Out in the Cold

It’s early morning. Still dark. Outside temperature is about 0° C and there are several Bruce spanworm moths on the window. The other evening, only a few degrees above freezing, we counted nearly 6 dozen on that same window, all drawn to the kitchen light.

As I discovered, these moths are unusual in several ways — not the least of which is their ability to remain active in cold weather.

Greg Pohl, Insect/Disease Identification Officer with Natural Resources Canada, explained how this is possible:

“Winter moths are quite remarkable. They’re adapted to fly at temperatures as cold as -3°C. They put quite a bit of their energy reserves into antifreezing chemicals in the bodies, and they also “shiver” to warm up their bodies and flight muscles to the point that they can fly. So even though they’re “cold blooded”, they have some ability to warm their bodies. They’re very highly adapted to fly late in the fall, and thus avoid many predators. But those survival skills wouldn’t likely be developed in warm-weather day-flying species like monarchs.”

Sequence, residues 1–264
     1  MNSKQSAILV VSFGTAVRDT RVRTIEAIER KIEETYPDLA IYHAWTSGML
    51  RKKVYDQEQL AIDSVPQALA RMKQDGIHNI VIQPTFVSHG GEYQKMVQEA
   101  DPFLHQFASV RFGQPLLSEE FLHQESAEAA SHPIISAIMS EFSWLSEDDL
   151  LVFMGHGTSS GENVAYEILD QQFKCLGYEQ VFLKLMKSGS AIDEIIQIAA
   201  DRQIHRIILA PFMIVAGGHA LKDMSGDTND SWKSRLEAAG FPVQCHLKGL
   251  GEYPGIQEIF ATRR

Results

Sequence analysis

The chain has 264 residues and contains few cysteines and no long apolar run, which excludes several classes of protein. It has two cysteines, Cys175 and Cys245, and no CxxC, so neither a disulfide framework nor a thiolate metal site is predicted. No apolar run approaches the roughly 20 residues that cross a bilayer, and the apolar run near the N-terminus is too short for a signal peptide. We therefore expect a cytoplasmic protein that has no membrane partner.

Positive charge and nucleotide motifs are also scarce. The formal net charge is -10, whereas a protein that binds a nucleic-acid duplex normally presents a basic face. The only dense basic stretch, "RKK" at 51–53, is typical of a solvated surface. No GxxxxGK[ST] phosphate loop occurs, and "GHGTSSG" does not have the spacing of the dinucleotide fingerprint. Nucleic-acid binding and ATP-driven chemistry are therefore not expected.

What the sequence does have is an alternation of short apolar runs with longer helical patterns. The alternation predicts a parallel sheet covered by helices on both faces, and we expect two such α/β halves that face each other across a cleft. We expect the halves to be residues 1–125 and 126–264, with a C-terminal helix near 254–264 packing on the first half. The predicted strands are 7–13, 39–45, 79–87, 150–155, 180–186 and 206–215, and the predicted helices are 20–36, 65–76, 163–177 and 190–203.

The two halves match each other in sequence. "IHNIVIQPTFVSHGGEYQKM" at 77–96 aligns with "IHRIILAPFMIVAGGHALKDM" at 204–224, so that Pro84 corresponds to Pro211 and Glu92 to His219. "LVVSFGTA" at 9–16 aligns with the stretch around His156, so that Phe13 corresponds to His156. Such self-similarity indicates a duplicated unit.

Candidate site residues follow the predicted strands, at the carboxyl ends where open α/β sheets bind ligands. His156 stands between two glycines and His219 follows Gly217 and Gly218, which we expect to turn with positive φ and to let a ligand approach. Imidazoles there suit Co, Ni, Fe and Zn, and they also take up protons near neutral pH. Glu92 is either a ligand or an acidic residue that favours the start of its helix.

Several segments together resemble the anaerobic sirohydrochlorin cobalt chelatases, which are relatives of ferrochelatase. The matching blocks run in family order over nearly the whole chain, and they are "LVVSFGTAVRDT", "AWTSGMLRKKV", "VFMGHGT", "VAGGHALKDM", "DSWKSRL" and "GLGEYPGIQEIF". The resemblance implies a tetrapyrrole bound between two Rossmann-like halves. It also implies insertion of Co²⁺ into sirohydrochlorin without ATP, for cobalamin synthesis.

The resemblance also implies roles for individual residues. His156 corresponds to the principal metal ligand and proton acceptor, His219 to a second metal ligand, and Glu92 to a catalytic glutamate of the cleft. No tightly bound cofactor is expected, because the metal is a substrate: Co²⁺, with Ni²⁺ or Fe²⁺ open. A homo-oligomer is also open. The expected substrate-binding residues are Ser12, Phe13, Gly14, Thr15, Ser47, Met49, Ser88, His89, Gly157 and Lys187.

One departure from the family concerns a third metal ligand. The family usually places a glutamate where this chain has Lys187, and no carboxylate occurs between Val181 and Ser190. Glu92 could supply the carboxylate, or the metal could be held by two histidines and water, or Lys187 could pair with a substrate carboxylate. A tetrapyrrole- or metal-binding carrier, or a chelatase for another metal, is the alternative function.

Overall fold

Male Bruce spanworm moth

If not for finding these nondescript moths in such cold temperatures I might have paid them little heed. Lesson learned: sometimes the plainest wrapping holds the biggest surprise.

Bruce spanworm   Operophtera bruceata

11 thoughts on “Out in the Cold

  1. They are nondescript, except for the details that emerge with a closer inspection, like that fringe. The coping mechanisms of creatures are amazing. The thought of a moth producing its own antifreeze is the sort of fact that can leave me staring into space, trying to understand how such a thing could be possible.

    Liked by 1 person

  2. Very interesting, Sally. Nature is amazing in terms of its adaptations. Anti-freeze in the blood— hard to imagine. But evolution just keeps chugging along. I read the other day that birds in England are growing longer beaks to better access bird feeders! –Curt


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